Next starter to get cut/demoted: Camilio Sanchez had the worst year.

Dominican Summer League

Rotation: Portorreal, Farias, A.Roman, E.Rivero, H.Moreno

Changes in the last month: Ramirez and D.Perez out, Roman and Rivero in.

Observations: R.Ramirez was kind of inexplicably taken out of the rotation and only pitched a couple times in the stretch run. He was replaced in the rotation by Roman, who was a decent reliever the entire season and who got two starts in the run-in. The MILB site is broken for August splits for the DSL, so we’re kind of guessing based on full-season stats. Clearly the 3 main guys in the rotation all year were Farias, Portorreal, and H.Moreno. Farias should have been more impressive; he’s 21 pitching against a ton of 16-17yr olds in the DSL and still had a seasonal ERA of 7.07. Most of the rest of th ese guys are 2023IFAs who are 18 or 19 and who they can be patient with. Roman probably had the best seasonal line of the “starters” with a 1-1, 3.20ERA, 1.04whip, 32/7 K/BB in 39ip. He did that as a 19yr old 2021IFA out of Venezuela, and it seems to me he’s well in line to move up next season to domestic ball.

Otherwise, there are a couple of decent looking pitchers out of the god-awful DSL team; Angel Pena had a 19/5 K/BB in 14 relief innings. Jose Britto had a .186 BAA despite a 5.00 ERA; not sure what to make of that. Ramon Cuevas had some decent numbers. Otherwise a lot of guys in the DSL who got rocked.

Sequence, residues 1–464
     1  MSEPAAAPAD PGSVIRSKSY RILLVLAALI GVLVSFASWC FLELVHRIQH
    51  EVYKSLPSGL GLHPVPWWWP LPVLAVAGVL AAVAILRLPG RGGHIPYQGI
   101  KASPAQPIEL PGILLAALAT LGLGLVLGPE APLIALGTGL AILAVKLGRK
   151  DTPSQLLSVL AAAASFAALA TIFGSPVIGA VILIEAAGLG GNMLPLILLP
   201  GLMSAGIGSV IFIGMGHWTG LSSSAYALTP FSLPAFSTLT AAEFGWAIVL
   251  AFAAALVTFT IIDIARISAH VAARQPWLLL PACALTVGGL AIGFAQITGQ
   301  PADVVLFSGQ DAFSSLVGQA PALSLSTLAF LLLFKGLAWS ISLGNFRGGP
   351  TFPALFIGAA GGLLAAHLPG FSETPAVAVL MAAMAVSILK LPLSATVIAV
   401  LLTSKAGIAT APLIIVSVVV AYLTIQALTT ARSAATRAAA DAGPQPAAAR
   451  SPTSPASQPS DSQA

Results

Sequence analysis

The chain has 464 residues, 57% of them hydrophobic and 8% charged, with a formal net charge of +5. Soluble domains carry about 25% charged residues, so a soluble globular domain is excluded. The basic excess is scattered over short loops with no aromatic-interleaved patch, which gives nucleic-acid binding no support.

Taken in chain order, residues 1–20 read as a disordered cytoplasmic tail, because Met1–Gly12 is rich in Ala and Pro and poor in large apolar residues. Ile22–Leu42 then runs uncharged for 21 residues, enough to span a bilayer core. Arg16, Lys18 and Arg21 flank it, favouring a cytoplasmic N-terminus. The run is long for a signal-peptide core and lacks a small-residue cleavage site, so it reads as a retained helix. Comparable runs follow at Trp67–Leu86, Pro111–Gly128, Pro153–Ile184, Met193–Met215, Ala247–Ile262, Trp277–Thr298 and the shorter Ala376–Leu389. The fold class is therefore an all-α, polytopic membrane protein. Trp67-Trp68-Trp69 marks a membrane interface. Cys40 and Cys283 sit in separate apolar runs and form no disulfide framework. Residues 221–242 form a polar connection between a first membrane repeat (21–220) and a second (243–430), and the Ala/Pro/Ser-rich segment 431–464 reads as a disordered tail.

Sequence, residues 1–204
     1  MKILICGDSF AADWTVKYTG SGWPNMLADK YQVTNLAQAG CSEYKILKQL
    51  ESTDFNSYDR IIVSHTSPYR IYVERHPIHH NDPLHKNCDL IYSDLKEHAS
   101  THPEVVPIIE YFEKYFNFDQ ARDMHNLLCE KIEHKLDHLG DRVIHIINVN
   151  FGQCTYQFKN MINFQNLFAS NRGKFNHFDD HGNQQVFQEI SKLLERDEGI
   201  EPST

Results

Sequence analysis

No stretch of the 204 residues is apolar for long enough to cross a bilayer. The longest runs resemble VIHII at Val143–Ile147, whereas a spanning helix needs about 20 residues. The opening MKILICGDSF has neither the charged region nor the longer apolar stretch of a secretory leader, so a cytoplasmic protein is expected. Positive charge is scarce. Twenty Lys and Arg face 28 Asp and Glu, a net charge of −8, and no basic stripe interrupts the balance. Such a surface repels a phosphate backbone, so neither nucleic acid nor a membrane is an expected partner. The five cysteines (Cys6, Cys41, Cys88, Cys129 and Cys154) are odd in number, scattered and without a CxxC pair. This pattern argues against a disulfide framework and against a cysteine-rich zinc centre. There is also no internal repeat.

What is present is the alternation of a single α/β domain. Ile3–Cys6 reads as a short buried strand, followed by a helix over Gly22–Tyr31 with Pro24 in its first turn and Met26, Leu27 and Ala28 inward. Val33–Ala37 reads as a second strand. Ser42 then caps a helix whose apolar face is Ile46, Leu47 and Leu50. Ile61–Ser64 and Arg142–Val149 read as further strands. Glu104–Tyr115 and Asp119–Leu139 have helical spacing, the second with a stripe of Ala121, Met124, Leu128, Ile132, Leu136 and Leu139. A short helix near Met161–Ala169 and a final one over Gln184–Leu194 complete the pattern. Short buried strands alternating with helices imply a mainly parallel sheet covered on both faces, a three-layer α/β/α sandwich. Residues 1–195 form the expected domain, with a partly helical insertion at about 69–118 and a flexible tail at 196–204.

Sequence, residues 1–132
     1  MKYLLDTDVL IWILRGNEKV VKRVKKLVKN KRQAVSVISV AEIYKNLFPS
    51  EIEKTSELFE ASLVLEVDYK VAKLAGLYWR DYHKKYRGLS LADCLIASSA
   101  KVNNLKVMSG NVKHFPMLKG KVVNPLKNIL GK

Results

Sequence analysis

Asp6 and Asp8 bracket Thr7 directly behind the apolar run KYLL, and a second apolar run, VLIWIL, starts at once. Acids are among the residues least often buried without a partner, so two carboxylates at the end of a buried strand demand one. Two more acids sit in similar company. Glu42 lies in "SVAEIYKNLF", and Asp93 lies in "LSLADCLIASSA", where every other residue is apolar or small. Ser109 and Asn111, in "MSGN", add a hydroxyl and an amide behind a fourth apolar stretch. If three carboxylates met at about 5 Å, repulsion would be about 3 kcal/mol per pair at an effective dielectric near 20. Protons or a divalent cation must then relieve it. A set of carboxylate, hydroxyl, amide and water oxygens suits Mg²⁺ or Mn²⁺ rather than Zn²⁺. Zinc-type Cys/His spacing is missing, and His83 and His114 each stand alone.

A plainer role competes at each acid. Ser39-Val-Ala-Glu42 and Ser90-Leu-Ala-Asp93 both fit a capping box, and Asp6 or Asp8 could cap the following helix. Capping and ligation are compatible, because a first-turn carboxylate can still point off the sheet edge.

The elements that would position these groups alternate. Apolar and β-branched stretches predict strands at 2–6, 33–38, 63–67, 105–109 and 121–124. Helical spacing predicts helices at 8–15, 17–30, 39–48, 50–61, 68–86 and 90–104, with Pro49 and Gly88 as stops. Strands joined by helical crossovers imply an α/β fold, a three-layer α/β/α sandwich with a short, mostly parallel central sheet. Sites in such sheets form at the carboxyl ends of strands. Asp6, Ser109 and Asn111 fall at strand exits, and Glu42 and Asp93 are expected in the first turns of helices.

Next Starter to get Promoted: A.Roman

Next starter to get cut/demoted: Farias


I’m super disappointed to see both Henry and Bennett either shutdown or essentially shutdown. I look forward to seeing what Rutledge can do in the majors. Herz looks like he could be a find.

Written by Todd Boss

September 3rd, 2023 at 9:53 am

25 Responses to 'End of August Rotation Check-Ins'

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  1. Looks like Rizzo was waiting for this post to surprise us all with Henry’s surprise re-emergence.

    Also, just FYI, baseball-reference’s minor league game logs are far superior to MILB’s. You can even make your own splits but selecting specific ranges of games.


    4 Sep 23 at 5:54 pm

  2. while admittedly a SSS, Adon’s walk rate of 2.2/9IP and 1.138 WHIP are a bright spot.


    5 Sep 23 at 11:05 am

  3. So . . . where are we for 2024/25/26? Particularly after Corbin gave up 42 to the Mets last night (OK, it seemed like 42).

    Rizzo’s publicly stated goal is to be at .500 in ’24 and contending by ’25. Considering that a .500 record right now would have you only 2.5 games out of an NL wild card, they might almost one in the same as far as goals.

    The Nats are 10 games out of a wild card. That feels about accurate, more so than when they had made it up to -6 a little over a week ago. The Nats have a -124 run differential for the season. The 724 runs allowed is a bigger problem than the 600 scored. For perspective, there are 10 teams that have allowed fewer than 600 runs.